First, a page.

On the note of efficiency, the Jazz shot above 50 percent from the field and 8 percent better than Toronto. They made 7 more triples and 8 more free throws. Now considering this, recognize the Jazz attempted 27 less field goals than Toronto. The Jazz were crisp, clean and polished offensively. Only Kelly Olynyk and Malik Beasley shot worse than 40 percent from the field. Utah had 7 players shoot north of 50 percent from the field. Now look at the opponent. The Raptors had some big-time scorers in this contest. Scottie Barnes scoring 18, Pascal Siakam netting 21 points, Gary Trent Jr putting up 20 and Fred VanVleet knocking down 34 seems really awesome for Raptors fans. Then you realize that Barnes attempted 23 shots for his 18 points. Siakam attempted 22 for his 21. Trent Jr was 14 shots and VanVleet’s 34 points came via 25 shots. This is the opposite of Utah’s performance and if it was not for Chris Boucher the Raptors numbers would look extra awful.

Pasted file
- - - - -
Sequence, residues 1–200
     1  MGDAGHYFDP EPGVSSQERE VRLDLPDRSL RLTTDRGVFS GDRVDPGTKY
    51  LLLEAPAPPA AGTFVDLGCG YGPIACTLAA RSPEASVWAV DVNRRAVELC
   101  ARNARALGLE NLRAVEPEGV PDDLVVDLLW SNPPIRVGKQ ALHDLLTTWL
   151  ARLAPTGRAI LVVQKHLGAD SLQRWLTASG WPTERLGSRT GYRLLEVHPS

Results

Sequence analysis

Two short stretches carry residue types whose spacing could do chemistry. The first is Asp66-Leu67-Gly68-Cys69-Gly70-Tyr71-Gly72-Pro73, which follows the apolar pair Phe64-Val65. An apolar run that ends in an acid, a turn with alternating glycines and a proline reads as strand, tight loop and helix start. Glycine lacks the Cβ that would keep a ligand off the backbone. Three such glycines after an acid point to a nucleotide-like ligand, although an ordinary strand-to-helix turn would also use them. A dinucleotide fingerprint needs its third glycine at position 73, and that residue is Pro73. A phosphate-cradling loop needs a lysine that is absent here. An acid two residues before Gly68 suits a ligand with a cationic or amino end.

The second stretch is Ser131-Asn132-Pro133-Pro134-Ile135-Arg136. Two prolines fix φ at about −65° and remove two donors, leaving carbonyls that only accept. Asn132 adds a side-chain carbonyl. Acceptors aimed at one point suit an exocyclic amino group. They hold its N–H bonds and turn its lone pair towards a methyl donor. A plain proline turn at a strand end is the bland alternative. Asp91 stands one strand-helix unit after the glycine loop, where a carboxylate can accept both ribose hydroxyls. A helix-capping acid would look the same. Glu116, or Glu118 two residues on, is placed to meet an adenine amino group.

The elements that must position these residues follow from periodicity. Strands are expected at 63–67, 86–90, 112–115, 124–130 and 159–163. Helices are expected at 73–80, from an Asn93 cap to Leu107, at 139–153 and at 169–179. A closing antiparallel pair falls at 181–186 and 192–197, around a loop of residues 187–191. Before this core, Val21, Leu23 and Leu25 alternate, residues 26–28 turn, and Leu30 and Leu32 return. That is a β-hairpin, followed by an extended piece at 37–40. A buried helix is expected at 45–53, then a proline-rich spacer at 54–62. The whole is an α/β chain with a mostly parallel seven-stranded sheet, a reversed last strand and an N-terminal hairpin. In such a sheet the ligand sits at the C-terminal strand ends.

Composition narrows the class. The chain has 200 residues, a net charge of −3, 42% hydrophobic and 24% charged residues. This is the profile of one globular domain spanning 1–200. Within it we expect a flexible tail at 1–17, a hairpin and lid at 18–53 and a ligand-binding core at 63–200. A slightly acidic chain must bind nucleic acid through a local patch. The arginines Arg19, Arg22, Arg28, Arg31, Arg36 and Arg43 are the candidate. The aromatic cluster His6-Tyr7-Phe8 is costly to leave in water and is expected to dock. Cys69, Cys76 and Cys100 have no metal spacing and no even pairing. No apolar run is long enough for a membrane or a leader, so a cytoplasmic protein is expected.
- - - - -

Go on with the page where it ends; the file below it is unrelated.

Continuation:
You may have noticed that one player was absent from the recap above. That player earned a solo spot here in the building block category for their performance. That was Walker Kessler with his 17 points, 14 rebound, and 7 blocks stat line. Here’s a fun challenge, go watch the condensed highlights of the game from the NBA YouTube channel and try to find plays that don’t involve Walker Kessler in some from. Putback dunks, post moves, rebounds, blocks, altering shots, driving guys out of the paint, you name it. He did it all, if we choose to disregard his free throws. The fact that Kessler was the 22nd overall pick seems more baffling by the day. He took advantage of the Raptors not having a true big man and posted his 11th double double of his life. He is the only player according to Wob with multiple 7 block games this season. Half of his rebounds were offensive, meaning Utah gained 7 extra opportunities from his efforts alone. According to StatMuse, Kessler is the first player with a stat line like his with at least 80 percent shooting since 2009 when Dwight “Superman” Howard was dominating with Orlando. Tony Jones made an excellent point in his article on The Athletic where he discussed the Jazz building around Kessler, Agbaji and Markkanen. He pointed out that these building blocks are “driving the winning.” Meaning that although they be your future, they are also making an impact now. Houston does not have that luxury with Jalen Green or Jabari Smith. Detroit doesn’t have it with Jaden Ivey or Jalen Duren. Charlotte doesn’t have it with LaMelo Ball even. The Jazz future pieces to build around are not only exciting and good, but they are playing winning, efficient, and impactful basketball right now in this moment. This is a luxury most teams who are “rebuilding” rarely have. These are far from hopeful potential, and empty stats.